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French's Stand hopes to open this summer amid construction

'We are working with the city to try to figure out a way to get it open,' says owner of popular refreshment booth at Couchiching Beach Park
French's Stand owner Tim French stands near the construction zone that restricts access to his refreshment booth.

The owner of French’s Stand is committed to getting the iconic refreshment booth open this summer despite the ongoing construction on Centennial Drive.

Currently, there is no way to access French’s Stand — not even for owner Tim French.

“We are working with the city to try to figure out a way to get it open,” he said. “It’s been here 103 years and has never missed a season.”

French says the city has been co-operative with his efforts to get the stand open at some point this summer.

“Normally, we would open May 24,” he said. “Really, the business doesn’t start picking up until after school’s out, which still gives us three or four weeks.”

French acknowledges accessibility to the stand will be a problem all summer but says he will do whatever is necessary to not break the longstanding tradition.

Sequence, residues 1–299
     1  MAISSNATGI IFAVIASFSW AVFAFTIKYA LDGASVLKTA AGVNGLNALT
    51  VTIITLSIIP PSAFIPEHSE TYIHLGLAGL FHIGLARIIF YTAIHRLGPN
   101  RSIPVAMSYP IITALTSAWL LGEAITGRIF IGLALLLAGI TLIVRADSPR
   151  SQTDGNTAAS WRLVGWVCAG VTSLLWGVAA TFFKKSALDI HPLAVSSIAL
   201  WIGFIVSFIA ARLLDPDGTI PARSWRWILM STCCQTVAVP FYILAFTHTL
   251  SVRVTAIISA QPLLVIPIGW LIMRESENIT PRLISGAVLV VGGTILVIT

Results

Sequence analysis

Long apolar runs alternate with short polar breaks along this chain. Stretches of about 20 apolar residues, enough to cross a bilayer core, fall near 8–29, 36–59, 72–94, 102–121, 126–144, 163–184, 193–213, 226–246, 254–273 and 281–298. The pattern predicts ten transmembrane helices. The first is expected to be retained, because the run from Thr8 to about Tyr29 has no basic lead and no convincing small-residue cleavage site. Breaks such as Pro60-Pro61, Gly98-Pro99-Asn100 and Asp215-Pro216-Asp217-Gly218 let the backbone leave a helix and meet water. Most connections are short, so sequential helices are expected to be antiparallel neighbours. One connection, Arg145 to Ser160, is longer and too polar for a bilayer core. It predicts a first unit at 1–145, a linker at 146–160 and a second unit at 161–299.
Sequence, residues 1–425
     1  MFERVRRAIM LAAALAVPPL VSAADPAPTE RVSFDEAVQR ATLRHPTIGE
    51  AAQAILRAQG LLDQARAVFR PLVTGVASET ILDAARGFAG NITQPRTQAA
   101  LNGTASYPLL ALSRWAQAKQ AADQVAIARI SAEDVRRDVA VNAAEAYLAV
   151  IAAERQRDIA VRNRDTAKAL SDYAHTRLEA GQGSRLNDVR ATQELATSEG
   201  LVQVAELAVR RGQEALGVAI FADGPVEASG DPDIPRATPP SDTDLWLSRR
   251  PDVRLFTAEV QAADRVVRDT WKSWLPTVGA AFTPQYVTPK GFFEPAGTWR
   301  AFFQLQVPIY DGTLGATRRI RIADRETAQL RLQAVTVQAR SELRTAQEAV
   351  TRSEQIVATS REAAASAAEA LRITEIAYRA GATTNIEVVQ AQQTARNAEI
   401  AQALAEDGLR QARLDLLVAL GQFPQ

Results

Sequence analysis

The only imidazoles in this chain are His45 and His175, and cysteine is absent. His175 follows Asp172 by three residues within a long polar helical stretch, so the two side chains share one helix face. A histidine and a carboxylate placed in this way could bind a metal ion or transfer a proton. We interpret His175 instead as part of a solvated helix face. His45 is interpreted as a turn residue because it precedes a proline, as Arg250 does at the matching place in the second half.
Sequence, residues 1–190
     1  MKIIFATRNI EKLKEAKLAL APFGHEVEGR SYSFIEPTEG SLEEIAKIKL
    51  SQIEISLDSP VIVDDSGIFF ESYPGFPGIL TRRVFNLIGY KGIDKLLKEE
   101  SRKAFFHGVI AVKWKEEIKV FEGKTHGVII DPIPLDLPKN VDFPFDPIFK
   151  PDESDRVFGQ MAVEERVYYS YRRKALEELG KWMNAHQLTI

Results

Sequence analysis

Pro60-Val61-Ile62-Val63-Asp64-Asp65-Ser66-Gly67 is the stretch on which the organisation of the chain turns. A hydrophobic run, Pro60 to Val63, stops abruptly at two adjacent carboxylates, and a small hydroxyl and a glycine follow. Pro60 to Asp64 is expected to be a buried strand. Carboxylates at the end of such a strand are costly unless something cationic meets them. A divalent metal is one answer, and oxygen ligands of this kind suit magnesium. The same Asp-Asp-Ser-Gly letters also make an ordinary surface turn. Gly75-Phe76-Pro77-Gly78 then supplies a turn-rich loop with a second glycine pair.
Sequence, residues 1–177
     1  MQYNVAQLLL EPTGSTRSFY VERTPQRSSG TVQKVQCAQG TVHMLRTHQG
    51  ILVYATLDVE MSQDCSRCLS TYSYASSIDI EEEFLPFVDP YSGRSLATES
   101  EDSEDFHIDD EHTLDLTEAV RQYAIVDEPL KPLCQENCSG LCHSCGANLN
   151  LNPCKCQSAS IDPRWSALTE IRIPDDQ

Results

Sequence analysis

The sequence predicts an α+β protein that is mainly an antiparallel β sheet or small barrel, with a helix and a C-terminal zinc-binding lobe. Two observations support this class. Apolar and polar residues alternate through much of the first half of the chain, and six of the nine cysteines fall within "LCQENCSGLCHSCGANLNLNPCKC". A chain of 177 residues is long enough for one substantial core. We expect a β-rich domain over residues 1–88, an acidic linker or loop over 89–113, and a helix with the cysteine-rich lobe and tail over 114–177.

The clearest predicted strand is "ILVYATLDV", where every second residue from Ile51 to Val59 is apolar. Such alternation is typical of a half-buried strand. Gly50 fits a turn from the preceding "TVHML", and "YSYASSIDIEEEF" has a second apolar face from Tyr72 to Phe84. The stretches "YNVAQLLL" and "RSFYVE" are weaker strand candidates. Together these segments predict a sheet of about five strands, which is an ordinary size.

“The initial reopening was supposed to be July 1. As of this point, they know they aren’t going to make that,” he said.

While French hasn’t been given a revised timeline for when the stand may be able to open, he is hoping it won’t be much longer.                        

2019-07-13 French's Stand 4“It’s about the legacy,” he said. “Obviously, the revitalization is an important project, and we are going to work with the city in any way we can, but we also want to get the stand up and running again this year.”

High school students rely on the stand for their summer jobs. Each year, the business employs a dozen or more people.

“They are trying to get their educations through working at the stand,” French said. “That’s one of the reasons we want to get it back up.”

Regardless of whether the stand opens this summer, French says its future is still bright.

“Obviously, for any business that doesn’t run for a full year, it can cause some issues, but if we can’t figure it out this year, I don’t think that it will change anything for the future,” he said.

French’s grandfather, George, started the business in 1920 as part of an agreement with CP Rail.

“It was a place for the rail workers to get their lunch,” French explained. “I remember as a kid they would come in on those pump trucks you would see in the cartoons. They would come in off the hill to get their hot dog and coffee.”

He says the business is one of the oldest hot dog stands in Canada. One of his sons currently operates the stand, and he has nieces and nephews waiting in the wings for their chance to carry on the family legacy.


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Tyler Evans

About the Author: Tyler Evans

Tyler Evans got his start in the news business when he was just 15-years-old and now serves as a video producer and reporter with OrilliaMatters
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